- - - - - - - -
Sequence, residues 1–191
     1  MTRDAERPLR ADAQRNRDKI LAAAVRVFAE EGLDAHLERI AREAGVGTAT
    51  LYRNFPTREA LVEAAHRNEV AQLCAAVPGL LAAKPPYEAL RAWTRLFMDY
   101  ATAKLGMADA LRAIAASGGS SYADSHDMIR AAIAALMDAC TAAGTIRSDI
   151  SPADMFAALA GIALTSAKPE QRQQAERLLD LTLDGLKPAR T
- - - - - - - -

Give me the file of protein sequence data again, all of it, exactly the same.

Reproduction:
Sequence, residues 1–191
     1  MTRDAERPLR ADAQRNRDKI LAAAVRVFAE EGLDAHLERI AREAGVGTAT
    51  LYRNFPTREA LVEAAHRNEV AQLCAAVPGL LAAKPPYEAL RAWTRLFMDY
   101  ATAKLGMADA LRAIAASGGS SYADSHDMIR AAIAALMDAC TAAGTIRSDI
   151  SPADMFAALA GIALTSAKPE QRQQAERLLD LTLDGLKPAR T